Materials and Methods Top


Materials

This is a 5-year retrospective study of all Tru-Cut prostate biopsy specimens diagnosed as carcinoma at FMC, Owerri, between 1st January 2016 and 31st December 2020. Materials for this study consist of histological slides and tissue blocks of Tru-Cut biopsy specimens which are already diagnosed as prostatic adenocarcinoma in the histopathology laboratory of FMC, Owerri.

Inclusion criteria

Prostatic Tru-Cut biopsies already diagnosed as prostatic carcinoma with complete demographic and clinical records in the request or report forms were included in the study, provided that their slides were well preserved and those with broken slides have properly preserved blocks of paraffin-embedded tissues.

Exclusion criteria

Suspicious cases whose paraffin-embedded tissue blocks were unavailable or insufficient were excluded from the study.

Methods

Relevant biodata and clinical information of the cases were retrieved from records in the surgical day book, laboratory request forms and/or histology reports book of the department. These biodata include age, clinical features and other relevant ancillary investigations. The H- and E-stained slides of the selected cases were retrieved from the departmental archives, and where necessary, reproduced and then reviewed.

Review of diagnosis

During the review, the diagnoses were read and confirmed using their morphological appearance on light microscopy and guided by the ISUP 2014 group grading system, which categorised CaP from Gleason 3 + 3. Those that were suspicious, especially those that were diagnosed with well-differentiated adenocarcinoma (Gleason 3 + 3) and poorly differentiated carcinoma (Gleason 5 + 5), were sorted from all other cases. These suspicious cases were then subjected to immunohistochemical analysis.

Processing of suspicious cases

The paraffin-embedded blocks were processed using immunostains for basal cells (P63) and tissue of origin (PSA). P63 was used for well-differentiated adenocarcinoma (Gleason 3 + 3) and PSA for cases diagnosed initially as poorly differentiated (Gleason 5 + 5) carcinoma; this is to differentiate them from perceived benign mimickers and metastasis from nearby tissues, respectively.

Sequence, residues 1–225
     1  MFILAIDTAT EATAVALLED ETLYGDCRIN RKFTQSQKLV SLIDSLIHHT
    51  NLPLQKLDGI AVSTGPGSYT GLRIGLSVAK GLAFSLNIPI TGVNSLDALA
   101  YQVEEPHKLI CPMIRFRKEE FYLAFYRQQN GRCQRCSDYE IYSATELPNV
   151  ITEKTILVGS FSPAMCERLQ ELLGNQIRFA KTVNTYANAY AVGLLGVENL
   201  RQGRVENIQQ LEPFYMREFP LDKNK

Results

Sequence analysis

Ethical clearance

Ethical clearance for the study was obtained from the FMC, Owerri Research Ethical Committee.

Data analysis

The data were analysed using SPSS Statistics for Windows version 21.0, IBM Corp. Armonk, NY, USA.


  Results Top


A total of 108 prostate biopsies (all Tru-Cut biopsy samples) were examined. After review, only 96 cases met the inclusion criteria and hence were included in the study. Out of the 96 samples, 93 were 55 years and above, whereas only three were below 55 years, but all were above 50 years. The mean age was 72.84 years. Its frequency increases from 50 years, peaks between 70 and 79 years and then starts to wane [Table 1].
Table 1: Age distribution of prostate cancer

Click here to view


Using the Gleason score scheme, our study shows that high-grade cancers predominated, and the most frequent single score is 9 [Table 2]. The predominant grade pattern using ISUP grouping is shown to be of the ISUP grade group 5 (high grade) [Figure 1].
Table 2: Frequency of the various Gleason scores before and after review

Click here to view
Figure 1: Frequency distribution of the ISUP grade groups.

Click here to view


Twenty-nine cases out of the 96 were sent for immunohistochemical analysis. Twenty-three (79.31%) of these samples sent for immunohistochemistry were well differentiated (Gleason 3 + 3) and were evaluated using P63 immunostain, whereas six poorly differentiated cases (Gleason 5 + 5) were sent for evaluation using PSA immunostain. Of the 29 cases subjected to immunohistochemistry, six could not be evaluated, bringing our total sample down to 90. Out of the 90 samples, four samples were not confirmed as cancer after immunohistochemistry [Table 3] and [Figure 2]. Therefore, the accuracy of H and E stain without adjunctive study is 95.6% (86/90 cases). The positive predictive value (PPV) of diagnosing CaP using routine H and E at FMC, Owerri, is 83%.